Midterm elections are less than 100 days away, and we will soon be in the thick of another season of electioneering. Each party will be telling lying to us about how much better they are for the economy.

History, however, tells another story. 

It turns out that a moderate centrist government is what works best for the markets.  Ideally, a divided government — where one or both houses of Congress and the White House are controlled by the opposition party — creates an environment where stocks can flourish.

My thesis is that a divided government forces both parties to the middle, controls deficits and cuts taxes. The present all GOP rule is surprisingly reminscent of the Democrat control of Congress with a Democratic President:  in each instance, fiscal prudence ent out the door, and foreign policy ventures were fairly disastrous.

The Democrats "Taxed & Spent," while the Republicans "Borrowed & Spent." Neither instance was good for equities.   

Is there support for these statements?

Yes, according to a study by Birinyi Associates. Of the 23 two year congressional sessions since 1962, 13 have taken place under the auspices of a divided government, while 10 periods have been under one-party government. The results, as measured by SPX performance, are generally worse under one party rule. In those 13 periods when the government is divided, the market has risen 11 times and fallen twice; for the 10 periods of one-party government, it’s a seven-to-three split.

Market returns for the various GOP/Dem control combos play out as follows:

• When the Republican Party controls the White House and both houses of Congress (three periods), the S&P 500, on average, has increased 3.3%.

• When Republicans control the White House and Senate and the Democratic Party controls the House of Representative (three periods), the average return has been 22.4%.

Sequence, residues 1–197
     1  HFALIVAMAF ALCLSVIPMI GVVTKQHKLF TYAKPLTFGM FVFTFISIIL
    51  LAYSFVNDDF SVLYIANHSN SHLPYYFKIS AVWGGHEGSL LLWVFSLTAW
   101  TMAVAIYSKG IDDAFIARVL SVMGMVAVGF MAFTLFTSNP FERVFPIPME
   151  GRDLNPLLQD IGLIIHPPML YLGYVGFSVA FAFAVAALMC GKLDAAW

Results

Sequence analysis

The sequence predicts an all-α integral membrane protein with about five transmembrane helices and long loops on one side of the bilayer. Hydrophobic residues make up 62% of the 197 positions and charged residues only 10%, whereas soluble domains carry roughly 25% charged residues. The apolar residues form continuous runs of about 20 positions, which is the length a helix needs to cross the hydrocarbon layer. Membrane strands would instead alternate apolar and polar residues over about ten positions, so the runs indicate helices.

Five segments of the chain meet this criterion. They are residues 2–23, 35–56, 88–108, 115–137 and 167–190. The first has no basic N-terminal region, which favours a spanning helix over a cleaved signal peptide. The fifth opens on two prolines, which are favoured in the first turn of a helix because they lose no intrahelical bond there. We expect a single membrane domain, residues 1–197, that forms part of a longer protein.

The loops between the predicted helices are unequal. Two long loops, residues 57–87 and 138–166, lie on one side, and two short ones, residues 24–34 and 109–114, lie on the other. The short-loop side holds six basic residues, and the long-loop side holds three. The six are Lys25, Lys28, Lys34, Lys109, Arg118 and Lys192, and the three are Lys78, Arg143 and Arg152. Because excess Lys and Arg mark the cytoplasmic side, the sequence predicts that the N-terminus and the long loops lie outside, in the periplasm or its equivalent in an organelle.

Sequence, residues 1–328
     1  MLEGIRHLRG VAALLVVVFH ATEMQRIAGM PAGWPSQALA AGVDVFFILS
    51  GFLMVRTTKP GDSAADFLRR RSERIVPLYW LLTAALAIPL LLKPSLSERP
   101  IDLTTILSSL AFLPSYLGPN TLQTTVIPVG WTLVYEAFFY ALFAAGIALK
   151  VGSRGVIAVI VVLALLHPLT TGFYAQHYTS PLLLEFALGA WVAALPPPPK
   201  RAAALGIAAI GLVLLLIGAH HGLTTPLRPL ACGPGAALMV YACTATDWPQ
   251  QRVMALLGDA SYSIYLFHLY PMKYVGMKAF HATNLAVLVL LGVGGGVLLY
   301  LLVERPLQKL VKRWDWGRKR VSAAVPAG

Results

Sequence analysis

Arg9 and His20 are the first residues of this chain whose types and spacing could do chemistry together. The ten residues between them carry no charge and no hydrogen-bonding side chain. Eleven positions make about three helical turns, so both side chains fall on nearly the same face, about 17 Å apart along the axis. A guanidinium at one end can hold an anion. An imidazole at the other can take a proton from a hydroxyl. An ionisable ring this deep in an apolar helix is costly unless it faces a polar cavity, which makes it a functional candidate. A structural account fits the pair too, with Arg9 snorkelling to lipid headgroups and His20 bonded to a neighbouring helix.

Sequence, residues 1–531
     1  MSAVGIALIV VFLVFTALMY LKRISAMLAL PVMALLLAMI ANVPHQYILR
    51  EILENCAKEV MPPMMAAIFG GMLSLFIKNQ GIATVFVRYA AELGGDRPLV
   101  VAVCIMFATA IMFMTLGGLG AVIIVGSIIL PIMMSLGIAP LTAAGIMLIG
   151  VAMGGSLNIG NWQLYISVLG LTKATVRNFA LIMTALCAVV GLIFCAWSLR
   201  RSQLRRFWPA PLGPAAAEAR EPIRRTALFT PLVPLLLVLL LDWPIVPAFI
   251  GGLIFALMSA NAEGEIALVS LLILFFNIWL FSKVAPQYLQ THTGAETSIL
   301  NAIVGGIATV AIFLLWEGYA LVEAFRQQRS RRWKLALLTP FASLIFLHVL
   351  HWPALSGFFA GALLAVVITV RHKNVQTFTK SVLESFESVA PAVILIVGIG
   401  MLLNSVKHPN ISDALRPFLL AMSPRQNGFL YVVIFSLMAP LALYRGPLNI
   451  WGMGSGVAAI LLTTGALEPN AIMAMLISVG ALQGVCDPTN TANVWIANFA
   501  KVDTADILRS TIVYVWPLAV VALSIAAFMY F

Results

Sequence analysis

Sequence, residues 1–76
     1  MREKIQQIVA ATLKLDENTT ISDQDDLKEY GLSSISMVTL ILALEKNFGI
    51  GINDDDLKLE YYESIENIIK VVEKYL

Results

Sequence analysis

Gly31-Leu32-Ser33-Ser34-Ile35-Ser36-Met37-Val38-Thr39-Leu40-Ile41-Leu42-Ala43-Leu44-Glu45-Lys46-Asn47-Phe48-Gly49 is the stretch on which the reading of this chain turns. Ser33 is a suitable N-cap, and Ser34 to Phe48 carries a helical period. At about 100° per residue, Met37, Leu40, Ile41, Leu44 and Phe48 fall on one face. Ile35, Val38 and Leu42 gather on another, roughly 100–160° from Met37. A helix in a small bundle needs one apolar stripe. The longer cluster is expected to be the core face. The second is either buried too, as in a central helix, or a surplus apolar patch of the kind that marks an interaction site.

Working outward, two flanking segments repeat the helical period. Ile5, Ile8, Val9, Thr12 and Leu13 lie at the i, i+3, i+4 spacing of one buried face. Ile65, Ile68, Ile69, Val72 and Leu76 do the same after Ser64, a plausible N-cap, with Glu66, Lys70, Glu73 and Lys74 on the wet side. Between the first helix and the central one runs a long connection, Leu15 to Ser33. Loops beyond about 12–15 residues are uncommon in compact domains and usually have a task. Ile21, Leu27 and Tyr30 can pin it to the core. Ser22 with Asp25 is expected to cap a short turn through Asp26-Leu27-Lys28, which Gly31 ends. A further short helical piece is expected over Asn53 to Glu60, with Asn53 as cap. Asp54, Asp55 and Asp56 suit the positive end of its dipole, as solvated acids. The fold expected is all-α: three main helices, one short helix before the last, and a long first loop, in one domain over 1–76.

• When Republicans control the White House and the Democrats control both houses of Congress (seven periods) the average return has been 13.9%.

• When Democrats control the White House and both houses of Congress (seven periods) the average return has been 14.7%.

• When Democrats control the White House and Republicans control both houses of Congress (three periods, all during Bill Clinton’s administration), the average return was 44.9%.

A House Divided Is Good
David A. Gaffen

August 1, 2006 9:49 a.m.

Category: Markets, Politics

Please use the comments to demonstrate your own ignorance, unfamiliarity with empirical data and lack of respect for scientific knowledge. Be sure to create straw men and argue against things I have neither said nor implied. If you could repeat previously discredited memes or steer the conversation into irrelevant, off topic discussions, it would be appreciated. Lastly, kindly forgo all civility in your discourse . . . you are, after all, anonymous.

6 Responses to “A House Divided Is Good”

  1. Chief Tomahawk says:

    It would be interesting to know these stats with the rise and fall of the greenback factored in… for example the returns the last five years alone are really negative when the 25+% loss in value of the dollar is factored in. In that light it’s very difficult to talk up the markets…

  2. M.Z. Forrest says:

    I wouldn’t subscribe to the centrist thesis. The problem with undivided government is things actually tend to change. For better or worse businesses make their decisions, sometimes 20 or 30 years out, based on what is true today.

  3. BDG123 says:

    I’ve always subscribed to the notion that the more gridlock the better. How is that best accomplished? Sharing power.

    Since politicians invariably screw things up the more they pass legislation, the markets perform better when they are busy squabbling and actually doing nothing.

    Man, that is sad but how I feel. Sad because we can’t seem to count on much. Hey, they all love to spend so I figure why not a Democrat? It’s either corporate welfare with the Repubs and big defense bills, breaks for business, etc or it’s social programs. At this point, give me the second choice.

  4. BDG123 says:

    Btw, question for the board. Would the Iraqi war happened with a Democratically controlled Congress? Would government wiretapping and all of this other scary stuff have happened with a Democratically controlled COngress?

  5. Chief Tomahawk says:

    What would L. Kudlow have to say about this? “The greatest story never told”???

  6. Mike B says:

    I don’t think this scenario will work out very well in the 2007-2008 timeframe. Bush has proven himself a big spender, so he is unlikely to veto any big spending bills the Democrats want to pass. He may veto a big tax increase bill which will just keep us in the same situation we are in now: big government defecits.